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Originally published: July 19, 2021

Veteran volunteers help elderly Omahans, those with disabilities clean up from storm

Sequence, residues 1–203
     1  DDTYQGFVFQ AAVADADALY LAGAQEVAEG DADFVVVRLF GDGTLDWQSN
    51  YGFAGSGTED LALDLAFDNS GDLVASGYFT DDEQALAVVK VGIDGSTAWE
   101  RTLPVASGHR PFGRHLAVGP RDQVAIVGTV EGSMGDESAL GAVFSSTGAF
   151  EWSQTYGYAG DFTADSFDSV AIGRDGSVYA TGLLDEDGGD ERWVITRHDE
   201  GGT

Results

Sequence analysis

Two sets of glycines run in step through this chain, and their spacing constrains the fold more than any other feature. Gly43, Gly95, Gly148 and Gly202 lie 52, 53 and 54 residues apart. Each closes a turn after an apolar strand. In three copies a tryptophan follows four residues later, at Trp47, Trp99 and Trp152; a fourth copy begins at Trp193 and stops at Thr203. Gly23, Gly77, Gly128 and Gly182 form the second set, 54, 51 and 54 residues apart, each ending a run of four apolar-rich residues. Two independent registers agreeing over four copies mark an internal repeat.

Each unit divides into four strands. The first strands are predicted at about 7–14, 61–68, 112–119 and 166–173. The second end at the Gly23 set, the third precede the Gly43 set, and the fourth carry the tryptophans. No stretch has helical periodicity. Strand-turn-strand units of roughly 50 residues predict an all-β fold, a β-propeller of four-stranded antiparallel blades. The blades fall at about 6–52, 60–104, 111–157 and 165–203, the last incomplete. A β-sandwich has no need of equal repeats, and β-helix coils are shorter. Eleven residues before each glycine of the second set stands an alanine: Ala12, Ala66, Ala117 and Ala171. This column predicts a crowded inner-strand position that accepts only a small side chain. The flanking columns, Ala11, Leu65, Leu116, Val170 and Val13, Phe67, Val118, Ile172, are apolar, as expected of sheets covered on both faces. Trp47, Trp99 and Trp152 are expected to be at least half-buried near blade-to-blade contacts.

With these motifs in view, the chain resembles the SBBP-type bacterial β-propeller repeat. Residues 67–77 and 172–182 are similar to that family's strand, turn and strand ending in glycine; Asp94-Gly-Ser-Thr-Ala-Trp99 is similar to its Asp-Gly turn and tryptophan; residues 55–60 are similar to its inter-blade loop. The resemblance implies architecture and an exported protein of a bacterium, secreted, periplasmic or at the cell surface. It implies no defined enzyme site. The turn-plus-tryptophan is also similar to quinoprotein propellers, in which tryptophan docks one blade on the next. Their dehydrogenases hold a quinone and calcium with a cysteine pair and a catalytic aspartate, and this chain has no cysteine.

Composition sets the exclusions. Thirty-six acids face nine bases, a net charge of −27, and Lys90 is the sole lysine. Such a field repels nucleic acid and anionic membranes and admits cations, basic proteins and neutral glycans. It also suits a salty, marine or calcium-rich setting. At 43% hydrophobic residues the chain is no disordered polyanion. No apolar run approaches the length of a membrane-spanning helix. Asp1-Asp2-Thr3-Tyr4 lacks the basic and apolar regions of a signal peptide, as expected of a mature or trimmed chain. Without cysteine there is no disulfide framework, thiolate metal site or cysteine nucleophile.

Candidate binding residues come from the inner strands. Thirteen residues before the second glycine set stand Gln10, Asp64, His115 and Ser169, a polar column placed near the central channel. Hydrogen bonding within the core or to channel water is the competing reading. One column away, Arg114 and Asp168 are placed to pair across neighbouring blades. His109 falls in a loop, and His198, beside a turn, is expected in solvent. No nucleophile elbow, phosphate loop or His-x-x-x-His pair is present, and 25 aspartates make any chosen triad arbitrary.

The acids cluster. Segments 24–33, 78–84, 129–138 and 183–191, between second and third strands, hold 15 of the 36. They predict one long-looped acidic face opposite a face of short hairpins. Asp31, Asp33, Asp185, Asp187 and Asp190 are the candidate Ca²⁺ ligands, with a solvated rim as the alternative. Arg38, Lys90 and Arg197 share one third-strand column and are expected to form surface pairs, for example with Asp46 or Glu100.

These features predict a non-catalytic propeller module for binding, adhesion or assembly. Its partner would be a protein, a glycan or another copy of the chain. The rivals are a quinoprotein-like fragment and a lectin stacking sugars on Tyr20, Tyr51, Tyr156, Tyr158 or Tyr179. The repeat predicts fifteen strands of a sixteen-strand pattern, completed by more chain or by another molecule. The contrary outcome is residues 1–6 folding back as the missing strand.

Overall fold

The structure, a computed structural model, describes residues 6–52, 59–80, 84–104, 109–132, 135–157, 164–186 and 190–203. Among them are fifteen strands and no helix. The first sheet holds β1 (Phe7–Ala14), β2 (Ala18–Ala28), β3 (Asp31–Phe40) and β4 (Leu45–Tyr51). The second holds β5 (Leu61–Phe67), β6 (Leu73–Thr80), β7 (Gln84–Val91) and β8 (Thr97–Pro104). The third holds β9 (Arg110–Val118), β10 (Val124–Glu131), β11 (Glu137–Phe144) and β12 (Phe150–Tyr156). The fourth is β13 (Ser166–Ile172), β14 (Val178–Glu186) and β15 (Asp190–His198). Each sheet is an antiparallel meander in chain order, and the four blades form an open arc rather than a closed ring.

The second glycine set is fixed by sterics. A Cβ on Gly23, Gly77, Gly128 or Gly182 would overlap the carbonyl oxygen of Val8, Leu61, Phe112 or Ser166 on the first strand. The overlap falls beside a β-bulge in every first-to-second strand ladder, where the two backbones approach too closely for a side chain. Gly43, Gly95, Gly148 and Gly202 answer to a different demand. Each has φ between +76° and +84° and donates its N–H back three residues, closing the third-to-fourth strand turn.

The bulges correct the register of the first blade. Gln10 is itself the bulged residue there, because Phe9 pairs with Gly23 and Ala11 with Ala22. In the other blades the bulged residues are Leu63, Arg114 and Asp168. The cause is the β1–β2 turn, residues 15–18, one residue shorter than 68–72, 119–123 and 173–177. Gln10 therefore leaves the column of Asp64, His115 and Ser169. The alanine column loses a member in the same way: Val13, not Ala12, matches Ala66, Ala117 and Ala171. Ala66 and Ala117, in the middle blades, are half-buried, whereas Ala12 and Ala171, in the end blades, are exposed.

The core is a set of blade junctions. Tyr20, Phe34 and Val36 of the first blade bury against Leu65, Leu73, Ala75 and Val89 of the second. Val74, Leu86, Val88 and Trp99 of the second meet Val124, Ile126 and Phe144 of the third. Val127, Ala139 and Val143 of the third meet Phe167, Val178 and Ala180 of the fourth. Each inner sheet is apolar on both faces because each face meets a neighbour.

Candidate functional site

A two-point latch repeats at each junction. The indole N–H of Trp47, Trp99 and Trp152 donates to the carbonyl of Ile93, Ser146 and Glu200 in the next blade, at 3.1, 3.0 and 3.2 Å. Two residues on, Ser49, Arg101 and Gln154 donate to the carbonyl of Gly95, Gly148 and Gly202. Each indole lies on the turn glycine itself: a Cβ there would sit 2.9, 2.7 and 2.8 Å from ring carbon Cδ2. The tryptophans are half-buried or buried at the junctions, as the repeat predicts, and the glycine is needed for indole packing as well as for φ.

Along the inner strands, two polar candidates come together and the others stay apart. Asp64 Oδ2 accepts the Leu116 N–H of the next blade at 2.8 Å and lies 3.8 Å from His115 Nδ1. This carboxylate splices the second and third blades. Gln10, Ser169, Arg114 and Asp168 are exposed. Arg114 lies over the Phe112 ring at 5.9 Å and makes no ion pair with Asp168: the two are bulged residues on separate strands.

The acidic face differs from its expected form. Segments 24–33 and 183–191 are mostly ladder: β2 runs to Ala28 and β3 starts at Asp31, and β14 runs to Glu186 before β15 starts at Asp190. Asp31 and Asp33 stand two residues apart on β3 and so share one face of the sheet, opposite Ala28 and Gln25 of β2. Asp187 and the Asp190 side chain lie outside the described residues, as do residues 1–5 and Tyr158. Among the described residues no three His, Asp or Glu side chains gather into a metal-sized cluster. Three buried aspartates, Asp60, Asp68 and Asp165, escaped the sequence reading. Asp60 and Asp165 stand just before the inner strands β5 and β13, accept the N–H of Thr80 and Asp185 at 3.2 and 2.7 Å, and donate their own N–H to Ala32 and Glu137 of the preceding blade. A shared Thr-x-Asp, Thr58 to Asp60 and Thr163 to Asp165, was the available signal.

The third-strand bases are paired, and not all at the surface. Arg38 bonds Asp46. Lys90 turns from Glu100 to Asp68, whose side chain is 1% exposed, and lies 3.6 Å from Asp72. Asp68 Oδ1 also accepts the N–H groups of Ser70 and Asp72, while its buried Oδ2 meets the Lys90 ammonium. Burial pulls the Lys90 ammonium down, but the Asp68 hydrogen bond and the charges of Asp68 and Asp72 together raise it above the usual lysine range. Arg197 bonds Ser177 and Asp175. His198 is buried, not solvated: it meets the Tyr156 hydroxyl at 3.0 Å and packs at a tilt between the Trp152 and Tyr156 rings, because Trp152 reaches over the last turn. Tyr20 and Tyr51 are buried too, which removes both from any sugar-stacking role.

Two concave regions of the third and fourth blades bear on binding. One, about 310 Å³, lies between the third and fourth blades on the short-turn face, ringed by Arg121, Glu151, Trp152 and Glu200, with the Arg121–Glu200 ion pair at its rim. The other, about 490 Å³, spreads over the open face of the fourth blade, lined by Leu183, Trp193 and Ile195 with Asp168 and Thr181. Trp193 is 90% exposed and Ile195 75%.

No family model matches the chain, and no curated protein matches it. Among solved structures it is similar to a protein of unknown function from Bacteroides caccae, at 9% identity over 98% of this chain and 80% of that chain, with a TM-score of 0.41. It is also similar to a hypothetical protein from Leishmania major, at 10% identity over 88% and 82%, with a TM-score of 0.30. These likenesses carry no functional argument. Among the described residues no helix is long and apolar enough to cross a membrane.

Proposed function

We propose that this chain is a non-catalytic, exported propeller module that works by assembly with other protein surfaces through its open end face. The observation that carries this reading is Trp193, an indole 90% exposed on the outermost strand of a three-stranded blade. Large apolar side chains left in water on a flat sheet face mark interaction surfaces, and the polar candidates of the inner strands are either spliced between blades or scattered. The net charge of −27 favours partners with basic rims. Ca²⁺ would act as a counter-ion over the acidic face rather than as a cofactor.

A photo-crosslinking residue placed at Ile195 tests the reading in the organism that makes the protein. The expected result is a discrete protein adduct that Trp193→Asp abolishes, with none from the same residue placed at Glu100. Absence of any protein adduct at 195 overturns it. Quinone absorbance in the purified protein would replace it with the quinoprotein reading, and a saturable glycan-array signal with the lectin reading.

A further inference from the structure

Veteran volunteers help elderly Omahans, those with disabilities clean up from storm Tornado-strength winds from the July 10 storm downed trees and large limbs and scattered smaller branches. The debris blocked streets, damaged property and contributed to 188,000 power outages, the most ever, in the Omaha Public Power District service region. OPPD restored power to all affected customers by Friday evening. Local officials are seeking state and federal disaster aid to help with the recovery. Mike West, an incident manager with Team Rubicon, flew in from Denver. He and Mayor Jean Stothert held a joint press conference Sunday morning at the Subby Anzaldo Columbus Park Community Center at 1515 S. 24th St. West said he was familiar with the Omaha area after spending about 70 days here helping after the 2019 flood. This time, he expects to spend about a week in town helping with technological support, identifying cleanup sites and mobilizing volunteers. “We’re on the ground as long as we can support the local team’s goals,” West said. “The great thing about Omaha is that everyone works well together, including the city, the United Way, the Red Cross, the Salvation Army, and a lot of other organizations.” About 150 people have called the United Way’s 211 phone line seeking help with storm cleanup, West said. Part of his job will be prioritizing residents with the greatest need.

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